Coyotes move on Wrigley Field

When you live or work around Wrigley field, you probably think you’ve seen it all, but chances are you haven’t seen this: a pair of rather large coyotes hanging outside the ballpark looking for a snack.

MyFoxChicago.com.

Yikes. It looks like the coyotes are just sort of hanging out and enjoying themselves, completely oblivious to whether the Cubs are playing, so they’re not unlike most of the humans who show up at Wrigley.

Heyo.

Nolan Ryan is writing a cookbook

That’s pretty much the whole story: Nolan Ryan is writing a cookbook. It is to be called The Nolan Ryan Beef Cookbook, which would be a sweet title for a hip-hop album full of diss tracks targeting Robin Ventura.

Ryan’s a rancher, so maybe he also knows good ways to prepare beef. I’m open to it, at least. The guy’s good at stuff and he probably likes meat a lot.

But for my money, the standard-bearer in monocarnivorous baseball cookbooks is still Wade Boggs’ Fowl Tips. Every few months I search the Internet for a copy for sale, but nothing yet.

For those wondering, Boggs managed a tiny-sample .974 career OPS against Ryan, so score one for chicken in the long-fought battle for meat supremacy.

Also worth nothing: Customers who viewed Fowl Tips on Amazon.com also viewed Rawlings batting doughnuts and Everybody Poops.

Friday Q&A, pt. 1: Baseball stuff

Via email (on Thursday), Regina writes:

Hey Ted!  I work at a middle school, surrounded by billygobs of Yankee fans. I am wearing my T7L “The Dickey Strikes Back” t-shirt, and received one complaint (actually, not to my face) that it was inappropriate.  Thoughts?  I am also wearing a blue sock and an orange sock with my blue/orange Reebok sneakers that I spied on Shannon Shark’s blog. They are a year old and have never been worn outside.  Too much?  I value your opinion.  Should I turn my shirt inside out, or bask in the warm glow?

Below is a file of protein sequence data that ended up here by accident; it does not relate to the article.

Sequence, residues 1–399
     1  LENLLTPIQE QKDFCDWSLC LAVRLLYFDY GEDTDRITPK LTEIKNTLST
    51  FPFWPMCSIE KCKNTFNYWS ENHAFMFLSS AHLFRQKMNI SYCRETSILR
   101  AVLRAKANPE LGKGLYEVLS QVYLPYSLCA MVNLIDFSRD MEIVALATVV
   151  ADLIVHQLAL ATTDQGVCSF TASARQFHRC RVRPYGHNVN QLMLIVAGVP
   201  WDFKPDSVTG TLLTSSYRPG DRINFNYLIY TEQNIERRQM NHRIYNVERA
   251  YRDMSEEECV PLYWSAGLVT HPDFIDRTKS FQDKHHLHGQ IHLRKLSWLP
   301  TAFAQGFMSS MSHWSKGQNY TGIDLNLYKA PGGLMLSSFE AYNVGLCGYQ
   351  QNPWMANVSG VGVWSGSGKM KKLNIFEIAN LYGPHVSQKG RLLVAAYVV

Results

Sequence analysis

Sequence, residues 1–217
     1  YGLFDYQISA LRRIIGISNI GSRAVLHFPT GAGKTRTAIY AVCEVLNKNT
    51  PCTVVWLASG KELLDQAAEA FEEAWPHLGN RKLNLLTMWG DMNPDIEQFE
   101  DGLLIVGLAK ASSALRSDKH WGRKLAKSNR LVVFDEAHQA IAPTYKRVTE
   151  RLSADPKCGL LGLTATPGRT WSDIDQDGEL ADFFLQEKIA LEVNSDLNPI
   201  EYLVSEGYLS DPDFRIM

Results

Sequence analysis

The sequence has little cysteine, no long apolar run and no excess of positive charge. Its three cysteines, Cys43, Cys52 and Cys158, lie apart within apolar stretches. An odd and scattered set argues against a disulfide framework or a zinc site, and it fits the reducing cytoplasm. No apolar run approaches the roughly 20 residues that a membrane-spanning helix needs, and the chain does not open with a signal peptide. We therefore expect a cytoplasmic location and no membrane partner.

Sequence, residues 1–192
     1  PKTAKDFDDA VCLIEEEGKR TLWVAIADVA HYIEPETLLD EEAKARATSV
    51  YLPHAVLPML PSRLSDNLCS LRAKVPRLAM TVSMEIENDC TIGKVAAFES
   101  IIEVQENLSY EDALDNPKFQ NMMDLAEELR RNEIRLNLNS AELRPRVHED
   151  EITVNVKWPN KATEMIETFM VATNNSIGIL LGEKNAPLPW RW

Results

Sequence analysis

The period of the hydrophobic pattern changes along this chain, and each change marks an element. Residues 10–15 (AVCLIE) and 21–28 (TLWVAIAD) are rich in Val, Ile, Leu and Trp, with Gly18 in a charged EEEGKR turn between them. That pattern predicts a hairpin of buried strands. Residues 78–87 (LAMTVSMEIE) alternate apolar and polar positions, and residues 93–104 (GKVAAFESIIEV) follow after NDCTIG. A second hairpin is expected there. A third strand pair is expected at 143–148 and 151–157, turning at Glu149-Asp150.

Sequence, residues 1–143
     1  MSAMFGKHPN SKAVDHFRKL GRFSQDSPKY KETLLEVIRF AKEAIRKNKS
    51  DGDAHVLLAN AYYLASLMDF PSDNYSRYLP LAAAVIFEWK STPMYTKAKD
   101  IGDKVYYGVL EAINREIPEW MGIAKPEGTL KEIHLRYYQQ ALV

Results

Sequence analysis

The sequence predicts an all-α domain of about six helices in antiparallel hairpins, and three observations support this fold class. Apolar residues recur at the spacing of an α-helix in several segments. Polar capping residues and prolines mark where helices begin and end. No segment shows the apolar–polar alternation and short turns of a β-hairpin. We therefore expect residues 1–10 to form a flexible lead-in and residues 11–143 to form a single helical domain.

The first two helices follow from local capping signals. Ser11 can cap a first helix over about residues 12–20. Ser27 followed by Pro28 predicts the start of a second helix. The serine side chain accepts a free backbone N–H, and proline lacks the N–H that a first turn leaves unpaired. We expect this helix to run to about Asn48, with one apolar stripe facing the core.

What? No! Wear it with pride! Are we not in the peak of the anti-bullying movement? Assuming you’re not breaking any sort of workplace dress code (and more on that will follow), be a role model to the middle schoolers and show them you’re not afraid to swim upstream when celebrating something as important and monumental as R.A. Dickey’s Cy Young Award victory. In other words:

Yes, and I don’t think it was all that close. By WAR, Wright beats out the next guys in the division by more than a full win. His total in that stat was bolstered by his massive uptick in the notoriously capricious defensive metric UZR, but so was the NL East’s second-best — Jason Heyward — and Wright plays the more premium defensive position and far outpaced Heyward offensively.

By offense alone, the only guy who hit appreciably better than Wright in the division was Giancarlo Stanton, and Stanton played in 33 fewer games due to injury. Phillies catcher Carlos Ruiz, whose park-adjusted 149 OPS+ narrowly topped Wright’s 143, would have had a strong case had he not missed nearly all of August with a foot injury.

Don’t forget it: David Wright is really, really good. For whatever reason, fans of every team get frustrated with their club’s best players on occasion. But Wright didn’t stumble into becoming the best player in franchise history. It’s a pretty safe bet that no prospect any team would ever consider trading for anybody will ever become as good as Wright, and a reasonable wager the Mets won’t see another homegrown position player as good for at least another 25 years or so.

Well, pitcher wins are fluky, so it’s hard to expect another 18+ win season from anyone pitching for the Mets next year unless the Mets come into a lot more offense. But the complete list of starting pitchers who have been as good or better than Dickey since he joined the Mets in 2010 is pretty short, and every guy on there is someone you’d probably call an ace. Here are the fellows who’ve thrown at least 500 innings with an ERA+ of 125 or better since 2010: Justin Verlander, Clayton Kershaw, Jered Weaver, Johnny Cueto, Cliff Lee, Roy Halladay, CC Sabathia, Cole Hamels, Felix Hernandez, Gio Gonzalez, David Price, R.A. Dickey and C.J. Wilson.